What can the left expect from a Biden-Harris administration? Pretty much nothing

A tale of wolf and fox: Opposing Trump was crucial — but in the long run, opposing Biden is just as important

Published November 28, 2020 12:00PM (EST)

Joe Biden and Kamala Harris (Drew Angerer/Getty Images)
Joe Biden and Kamala Harris (Drew Angerer/Getty Images)

On Nov. 7 of this year, the United States let out a collective roar that rippled across the nation, resonating the crowds of blue-clad people swelling the streets and the squares, and causing buildings to tremble as those inside broke out the champagne and began to dance. The celebrations lasted long into the night. For those few precious moments, it felt as though a curse had been lifted, a nightmare abated. Trumpism had ground itself to a resounding and decisive halt and it seemed that political space on the left, and on the center ground, had finally begun to open again.

A scion of 21st-century reality TV, Trump was a vulgar presence; a combination of incompetence and inanity, hitched to the bombast and braggadocio of a circus ringmaster, and rounded off with all the ethical inclinations of a CEO of a napalm factory. Trump was a president of pantomime proportions: In the White House he single-handedly invigorated the satire industry, as the mirth to be made from his perpetual claims to greatness (his level of expertise in every scientific field would have made Joseph Stalin blush) was recycled into comedy skit after comedy skit on "Saturday Night Live" (a "very stable genius," anyone?)

And yet, as Karl Marx noted so many years ago, the flipside to farce is so often tragedy. While Trump continued to strut, parade and self-promote there was a more sinister aspect to the spectacle of his absurdity. Gaudy, grandiose language of "greatness" and the innate superiority of the "nation" began to filter through the fourth wall of political PR, reaching deeper, darker and more undisclosed regions. The rallying cry "Make America Great Again" started to prick the ears of shady extremists, and forces on the far right began to stir from within the shadows.

In spring 2016, some months before Trump's election, Andrew Anglin — founder of the prominent neo-Nazi website The Daily Stormer — had predicted, "Jews, Blacks, and lesbians will be leaving America if Trump gets elected — and he's happy about it. This alone is enough reason to put your entire heart and soul into supporting this man." A year later, on the campus of American University in Washington, which had just elected its first black female student president, nooses began to appear — courtesy, in fact, of the same Daily Stormer site, which had mobilized far right elements in a campaign of hate and harassment against her. 

A couple of months after that came the notorious spectacle of Charlottesville, when large numbers of bare-chested, belligerent white men lumbered through the streets chanting, "Jews will not replace us!" Alongside the assorted confederate flags and spidery black of swastikas, T-shirts and caps featuring Trump's MAGA slogan were increasingly on display. When the forces of the left mounted a counter demonstration, a white supremacist — unable to bottle a visceral sense of rage — drove his car into them, killing one demonstrator and injuring several others. In the aftermath of the atrocity, Trump remarked that there were "some very fine people on both sides" and expressed the view that "both sides" were culpable for the violence — a clear wink-wink, nod-nod to the murderer and the toxic, protean forces that had generated him.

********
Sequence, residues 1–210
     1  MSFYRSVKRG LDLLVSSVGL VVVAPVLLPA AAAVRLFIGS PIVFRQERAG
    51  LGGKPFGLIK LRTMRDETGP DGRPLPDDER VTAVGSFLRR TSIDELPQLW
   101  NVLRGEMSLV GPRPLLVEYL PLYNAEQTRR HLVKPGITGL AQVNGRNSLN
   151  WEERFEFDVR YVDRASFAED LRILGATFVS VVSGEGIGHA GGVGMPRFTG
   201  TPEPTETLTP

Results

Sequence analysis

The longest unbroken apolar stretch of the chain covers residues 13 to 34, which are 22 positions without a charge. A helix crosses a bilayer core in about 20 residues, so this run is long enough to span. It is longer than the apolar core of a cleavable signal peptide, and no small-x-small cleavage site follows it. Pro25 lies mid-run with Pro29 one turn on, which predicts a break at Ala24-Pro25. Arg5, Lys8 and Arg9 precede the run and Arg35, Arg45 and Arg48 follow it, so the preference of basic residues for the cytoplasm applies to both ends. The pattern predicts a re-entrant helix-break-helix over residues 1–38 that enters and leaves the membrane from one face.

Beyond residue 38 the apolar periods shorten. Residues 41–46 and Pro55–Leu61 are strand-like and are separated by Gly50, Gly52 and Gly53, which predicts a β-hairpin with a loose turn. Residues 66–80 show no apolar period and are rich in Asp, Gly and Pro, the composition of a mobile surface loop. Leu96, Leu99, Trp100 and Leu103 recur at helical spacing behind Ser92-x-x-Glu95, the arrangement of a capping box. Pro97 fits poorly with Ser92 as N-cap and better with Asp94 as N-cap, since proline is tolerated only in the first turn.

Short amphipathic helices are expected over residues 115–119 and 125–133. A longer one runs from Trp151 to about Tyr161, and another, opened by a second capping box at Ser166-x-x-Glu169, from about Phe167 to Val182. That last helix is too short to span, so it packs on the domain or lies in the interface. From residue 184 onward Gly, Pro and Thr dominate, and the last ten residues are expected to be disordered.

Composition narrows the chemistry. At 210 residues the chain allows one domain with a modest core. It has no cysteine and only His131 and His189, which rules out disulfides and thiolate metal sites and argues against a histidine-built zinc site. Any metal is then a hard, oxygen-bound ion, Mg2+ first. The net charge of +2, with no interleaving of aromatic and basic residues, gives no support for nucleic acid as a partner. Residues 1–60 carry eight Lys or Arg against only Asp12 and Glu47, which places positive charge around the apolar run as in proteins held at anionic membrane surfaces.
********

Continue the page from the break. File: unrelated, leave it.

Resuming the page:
That Trump's presidency had bolstered and emboldened such elements surely explains the mass eruption of joy and celebration which greeted the news of his departure. But those who would look toward the partnership of Joe Biden and Kamala Harris, and the commissioning of a new Democratic leadership, to inaugurate an epoch of reason and enlightenment and thereby banish the darkness should undoubtedly look again. For one thing, it bears remembering what brought Trump to power in the first place. Trumpism arrived at the White House, not with a bang, but with a whimper. 

Trump did not win in 2016 on the back of a broad right-wing social movement which was then translated into a vast hike in the number of Republican votes. Inasmuch as Trump "won" at all — in two presidential elections, he hasn't even come close to winning the popular vote — he did only marginally better than John McCain had done in losing what was generally viewed as a landslide election in 2008. Trump won 46.1% percent of the popular vote in 2016, while McCain had won 45.7% eight years earlier. 

The real difference was on the other side of the ledger: In 2008, Barack Obama had won 52.9% of the popular vote, while in 2016 Clinton only managed to procure 48.2%. In other words, the Democratic vote share had fallen by almost four million votes (even before we take into account the significant increase in population between 2008 and 2016).